Hedging your Money with Calls

What if your stock goes down?

What if your company has some bad news and the market reacts?

While investing in my ESPP has given me the 10% discount, the stock has never once dropped so far that it wiped out my headstart. My company’s stock dropped 5% on friday and I was sitting at a 12% gain before that, so I was left with a sad 7% gain to stare at all weekend. Since I haven’t seen the stock this low in many years, it would be an excellent time to put in an order, and I had ~56 hours to think about doing that.

I currently have an open sold call option on 100 of my ESPP shares, and when the 90 day holding period ends in July on another 100 shares I will sell another call on those too. When you sell a call, you take in a premium – cash that you get – that in exchange, commits you to sell the stock at the expiry date if the stock price is at or above the strike price. You can look at this extra money in a couple different ways: extra profit, or a hedge. These are of course the same thing, but it depends on your perspective and your strategy. One thing to consider is your choice of how much profit to shoot for; if you sell a 90 day call for $200 ($2.00/share) at a strike price of $90, or instead, sell a $100 ($1.00/share) call at a strike price of $95, you have decreased both your premium and your “risk” of selling, but if it does sell, you have gained an extra $400! (The difference between 100 shares of $90 and 100 shares of $95 minus the $100 difference between premiums).

We could all just buy our $25,000 of ESPP stock and sell it 1 year later and pay LTCG taxes, or we can sell calls on 100 shares at a time 3 to 4 times throughout the year (if options are available and if the stock price is within a reasonable window like $25-90). One of these choices is much more sexy and exciting of course, but it is also more profitable as I have shown in my previous post. Another point I did not exploit the explanation of is that the LTCG method would cost you an extra $16,000 of spent/invested money to save you $520 in taxes, which sounds a lot like a buy-more-save-more deal at the carnival to me!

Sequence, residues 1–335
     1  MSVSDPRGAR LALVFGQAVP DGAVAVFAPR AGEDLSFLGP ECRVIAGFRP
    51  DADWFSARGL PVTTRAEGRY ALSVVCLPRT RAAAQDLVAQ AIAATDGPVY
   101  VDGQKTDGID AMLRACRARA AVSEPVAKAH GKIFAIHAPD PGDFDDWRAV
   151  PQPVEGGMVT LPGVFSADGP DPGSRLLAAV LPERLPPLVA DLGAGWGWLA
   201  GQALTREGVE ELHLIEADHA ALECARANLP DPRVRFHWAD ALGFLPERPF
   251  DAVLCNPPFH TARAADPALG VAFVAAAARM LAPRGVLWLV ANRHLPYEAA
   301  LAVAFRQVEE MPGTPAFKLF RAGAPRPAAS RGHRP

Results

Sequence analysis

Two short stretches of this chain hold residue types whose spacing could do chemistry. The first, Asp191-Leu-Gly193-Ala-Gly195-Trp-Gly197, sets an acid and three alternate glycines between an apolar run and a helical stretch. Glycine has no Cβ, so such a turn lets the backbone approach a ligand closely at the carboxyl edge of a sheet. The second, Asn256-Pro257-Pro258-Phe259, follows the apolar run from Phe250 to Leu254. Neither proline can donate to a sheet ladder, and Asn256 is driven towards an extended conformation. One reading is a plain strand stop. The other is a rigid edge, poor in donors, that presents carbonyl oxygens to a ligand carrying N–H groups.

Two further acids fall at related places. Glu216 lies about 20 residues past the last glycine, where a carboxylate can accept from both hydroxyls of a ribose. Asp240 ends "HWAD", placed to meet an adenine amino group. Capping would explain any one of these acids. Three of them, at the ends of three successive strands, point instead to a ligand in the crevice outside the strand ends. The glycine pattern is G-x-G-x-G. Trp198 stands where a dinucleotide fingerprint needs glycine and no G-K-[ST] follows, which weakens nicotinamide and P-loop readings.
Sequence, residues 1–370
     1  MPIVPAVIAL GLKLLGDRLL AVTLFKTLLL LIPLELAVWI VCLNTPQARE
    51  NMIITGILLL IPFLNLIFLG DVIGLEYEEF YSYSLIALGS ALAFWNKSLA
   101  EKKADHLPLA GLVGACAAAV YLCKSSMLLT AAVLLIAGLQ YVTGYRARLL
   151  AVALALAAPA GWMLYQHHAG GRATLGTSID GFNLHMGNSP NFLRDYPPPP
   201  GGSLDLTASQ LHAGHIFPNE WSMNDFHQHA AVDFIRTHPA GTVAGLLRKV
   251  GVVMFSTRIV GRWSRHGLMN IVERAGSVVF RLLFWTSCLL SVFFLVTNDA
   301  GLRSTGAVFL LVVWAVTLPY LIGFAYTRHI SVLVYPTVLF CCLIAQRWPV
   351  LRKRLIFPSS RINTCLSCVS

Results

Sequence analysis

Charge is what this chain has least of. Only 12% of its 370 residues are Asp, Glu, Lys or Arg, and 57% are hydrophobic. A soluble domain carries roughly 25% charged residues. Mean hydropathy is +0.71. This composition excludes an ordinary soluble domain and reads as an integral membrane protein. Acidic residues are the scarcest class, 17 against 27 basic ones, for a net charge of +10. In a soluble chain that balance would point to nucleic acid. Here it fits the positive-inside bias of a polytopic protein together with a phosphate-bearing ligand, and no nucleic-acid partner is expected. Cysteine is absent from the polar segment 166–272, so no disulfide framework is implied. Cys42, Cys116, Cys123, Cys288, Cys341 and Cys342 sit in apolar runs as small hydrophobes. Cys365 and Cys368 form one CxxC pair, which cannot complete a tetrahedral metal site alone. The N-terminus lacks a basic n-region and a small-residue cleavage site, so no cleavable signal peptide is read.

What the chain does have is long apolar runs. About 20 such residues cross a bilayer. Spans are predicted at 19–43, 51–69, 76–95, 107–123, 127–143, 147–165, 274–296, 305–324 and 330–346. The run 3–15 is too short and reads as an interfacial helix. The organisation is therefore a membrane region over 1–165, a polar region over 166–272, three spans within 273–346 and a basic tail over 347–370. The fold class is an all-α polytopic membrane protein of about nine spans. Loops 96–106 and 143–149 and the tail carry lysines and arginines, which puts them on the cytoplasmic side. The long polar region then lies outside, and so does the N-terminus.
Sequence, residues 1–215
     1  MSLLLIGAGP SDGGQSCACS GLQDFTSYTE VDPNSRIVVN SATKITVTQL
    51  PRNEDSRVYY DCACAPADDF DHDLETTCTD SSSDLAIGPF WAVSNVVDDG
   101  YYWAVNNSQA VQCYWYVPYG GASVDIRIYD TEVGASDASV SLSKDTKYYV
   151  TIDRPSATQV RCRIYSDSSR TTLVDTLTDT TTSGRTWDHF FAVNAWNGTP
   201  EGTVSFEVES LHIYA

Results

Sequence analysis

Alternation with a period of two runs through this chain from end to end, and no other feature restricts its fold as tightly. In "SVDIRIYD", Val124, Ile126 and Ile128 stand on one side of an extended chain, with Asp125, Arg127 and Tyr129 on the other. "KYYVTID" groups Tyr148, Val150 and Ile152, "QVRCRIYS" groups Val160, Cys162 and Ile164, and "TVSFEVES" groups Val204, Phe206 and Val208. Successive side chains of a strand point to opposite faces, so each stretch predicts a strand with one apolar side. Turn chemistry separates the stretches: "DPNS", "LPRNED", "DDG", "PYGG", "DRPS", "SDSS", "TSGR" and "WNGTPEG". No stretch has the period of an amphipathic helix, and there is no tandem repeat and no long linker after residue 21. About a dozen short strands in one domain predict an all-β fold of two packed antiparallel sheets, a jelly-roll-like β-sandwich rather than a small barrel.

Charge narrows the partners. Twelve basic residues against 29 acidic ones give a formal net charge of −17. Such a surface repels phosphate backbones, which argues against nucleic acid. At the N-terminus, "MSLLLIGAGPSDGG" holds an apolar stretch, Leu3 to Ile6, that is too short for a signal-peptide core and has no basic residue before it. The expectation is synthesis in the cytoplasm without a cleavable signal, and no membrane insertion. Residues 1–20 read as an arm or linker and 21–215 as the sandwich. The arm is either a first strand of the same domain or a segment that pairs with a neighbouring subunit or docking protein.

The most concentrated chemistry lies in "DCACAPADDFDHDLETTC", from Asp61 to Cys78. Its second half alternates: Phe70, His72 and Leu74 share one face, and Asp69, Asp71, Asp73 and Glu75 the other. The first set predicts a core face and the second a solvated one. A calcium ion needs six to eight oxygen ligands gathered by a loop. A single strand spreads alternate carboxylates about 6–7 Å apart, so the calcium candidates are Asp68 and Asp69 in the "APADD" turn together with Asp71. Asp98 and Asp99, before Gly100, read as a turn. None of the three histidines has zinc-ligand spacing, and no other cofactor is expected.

Options as a Hedge

As I have mentioned, when the stock price took an unusual drop of 5% this past weekend, the value of my option premium went from $394 to $247, technically a $147 profit that I could take by buying back to exit the contract. I will stay in the contract for now, and if it goes down to ~$100 in the next month or so then I would probably buy that back to sign new contract. This brings me to the term Time Decay, or Theta. As the time of the contract nears expiration, the likelihood of the stock price moving x amount decreases (with more time comes more possibilities). If something is a sure thing, then there isn’t much money on the table, right? If I sell a call for $394, that’s a big number that shouts “anything can happen!”, but as the contract nears expiration, the value decreases because the shouts get quieter. And that is Theta.


I could look at my current $394 premium I took in on the 5 month call, (yes it was a very long expiry date but I liked the premium enough) as an extra ~5% profit that brings me from the 12% I was at to 17%, or if I keep the cash free in my account in case the value of the option goes down (the Market determines that the likelihood of the stock being at the same place upon contract expiration has decreased), then I could buy the call back at say, $247. If I get to hold $394, but I’m in a contract, I have an obligation to something or someone, but if I pay back $247, then I get to keep my $147 profit free and clear. My main point – My stock took a 5% dive, and my option gained 37%, which hedged my total position by 14.7%.

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